Object of Study: The Grand Domestic Revolution continues... Workshop
Curated by Louise Shelley
Domestic Work is Work was a public workshop where presentations and discussion asked how strategies of art production and distribution can inform and support social movements related to labour and visibility. The workshop specifically addressed discourses around the social perception of domestic work, the recognition of the domestic sphere as a site of labour, and the aesthetics of this labour. Contributors included Justice for Domestic Workers (J4DW), a self-organised group of migrant Domestic Workers in London for whom visual expression and aesthetic strategies are important for their campaign. J4DW have been collaborating with London arts space The Showroom for two years, the various engagements and discussions between J4DW, artists, curators and curatorial projects have sought to make domestic work visible and the employment of artistic and aesthetic strategies to this end. This collaboration and research has been extended through the CuratorLab programme at Konstfack to begin conversations with Kommunal and Swedish based domestic workers. In 2007 the Swedish Government introduced tax relief for those employing domestic services, the urgency to address this, to make visible domestic work and to politicise the domestic sphere as a site of labour, exchange and power relations is at the centre of this workshop. The workshop included a Bilderkritik exercise with Werker Magazine. Bilderkritik (image critique) is a collective learning methodology conceived within the 1920s workers photography movement. The images for the Bilderkritik come from Werker Magazine 3 – The Domestic Worker Photography Network www.werkermagazine.org and worked to identify patterns of commonality among the images and see how they speak to different people in the workshop.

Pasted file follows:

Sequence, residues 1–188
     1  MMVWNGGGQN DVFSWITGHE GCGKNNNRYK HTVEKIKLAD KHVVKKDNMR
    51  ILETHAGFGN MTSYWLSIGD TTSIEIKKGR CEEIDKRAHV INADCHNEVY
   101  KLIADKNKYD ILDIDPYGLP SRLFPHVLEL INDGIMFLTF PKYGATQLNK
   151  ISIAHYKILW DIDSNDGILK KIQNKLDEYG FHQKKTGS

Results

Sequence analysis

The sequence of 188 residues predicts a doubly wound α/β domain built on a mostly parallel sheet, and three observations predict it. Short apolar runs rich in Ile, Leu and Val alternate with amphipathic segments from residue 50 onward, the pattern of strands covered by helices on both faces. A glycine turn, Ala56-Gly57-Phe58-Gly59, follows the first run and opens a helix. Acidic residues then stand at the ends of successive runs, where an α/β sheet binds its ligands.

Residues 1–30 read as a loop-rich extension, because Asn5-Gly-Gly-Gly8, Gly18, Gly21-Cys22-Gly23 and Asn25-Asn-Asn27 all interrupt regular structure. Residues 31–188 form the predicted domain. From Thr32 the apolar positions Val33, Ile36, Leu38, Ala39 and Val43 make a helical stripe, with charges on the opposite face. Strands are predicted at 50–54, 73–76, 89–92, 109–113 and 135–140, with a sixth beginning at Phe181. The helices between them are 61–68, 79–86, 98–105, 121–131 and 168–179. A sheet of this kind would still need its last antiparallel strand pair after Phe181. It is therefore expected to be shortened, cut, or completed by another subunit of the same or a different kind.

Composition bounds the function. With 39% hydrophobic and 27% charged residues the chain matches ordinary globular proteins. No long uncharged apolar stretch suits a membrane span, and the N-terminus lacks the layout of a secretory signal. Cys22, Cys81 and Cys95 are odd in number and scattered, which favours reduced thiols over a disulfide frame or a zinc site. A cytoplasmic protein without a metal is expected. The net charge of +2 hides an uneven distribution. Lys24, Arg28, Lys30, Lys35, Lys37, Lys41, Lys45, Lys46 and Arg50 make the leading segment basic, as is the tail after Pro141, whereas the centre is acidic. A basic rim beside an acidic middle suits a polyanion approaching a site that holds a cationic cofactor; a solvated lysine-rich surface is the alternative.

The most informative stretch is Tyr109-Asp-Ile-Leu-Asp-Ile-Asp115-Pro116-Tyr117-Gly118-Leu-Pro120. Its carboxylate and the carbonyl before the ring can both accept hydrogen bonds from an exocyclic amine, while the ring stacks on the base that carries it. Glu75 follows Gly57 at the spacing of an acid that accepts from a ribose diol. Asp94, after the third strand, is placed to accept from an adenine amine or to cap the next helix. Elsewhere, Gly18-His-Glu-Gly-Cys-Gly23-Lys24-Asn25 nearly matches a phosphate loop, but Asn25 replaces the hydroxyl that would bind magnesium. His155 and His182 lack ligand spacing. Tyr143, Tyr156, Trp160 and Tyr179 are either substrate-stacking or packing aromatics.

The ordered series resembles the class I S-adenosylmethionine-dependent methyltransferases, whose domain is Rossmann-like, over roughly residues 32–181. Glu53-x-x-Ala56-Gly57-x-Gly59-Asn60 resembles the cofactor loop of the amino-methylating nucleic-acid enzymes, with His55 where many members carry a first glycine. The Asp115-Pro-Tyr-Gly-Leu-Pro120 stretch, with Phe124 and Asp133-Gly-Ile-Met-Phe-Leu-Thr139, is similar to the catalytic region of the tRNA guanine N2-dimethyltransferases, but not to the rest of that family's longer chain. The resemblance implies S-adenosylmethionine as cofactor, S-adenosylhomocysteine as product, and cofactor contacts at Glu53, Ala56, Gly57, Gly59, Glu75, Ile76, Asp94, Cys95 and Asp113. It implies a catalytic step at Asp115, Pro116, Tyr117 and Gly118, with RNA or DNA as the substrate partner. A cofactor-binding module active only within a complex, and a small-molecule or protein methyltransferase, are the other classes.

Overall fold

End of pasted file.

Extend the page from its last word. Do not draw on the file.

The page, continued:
Object of Study: The Grand Domestic Revolution Goes On… was a series of events from two distinct projects that bring The Grand Domestic Revolution Library - a collection of feminist publications and manuals, at Tensta Konsthall - in dialogue with current activist working, organising and campaigning. As part of the exhibition Tensta Museum: Reports from New Sweden.
Louise Shelley is Collaborative Projects Curator at The Showroom, London. Together with Jenny Richards and Marissa Begonia (J4DW) we co-produced a text titled We Build Families – The Aesthetics of Domestic Labour published in 2014 by Critical Cities.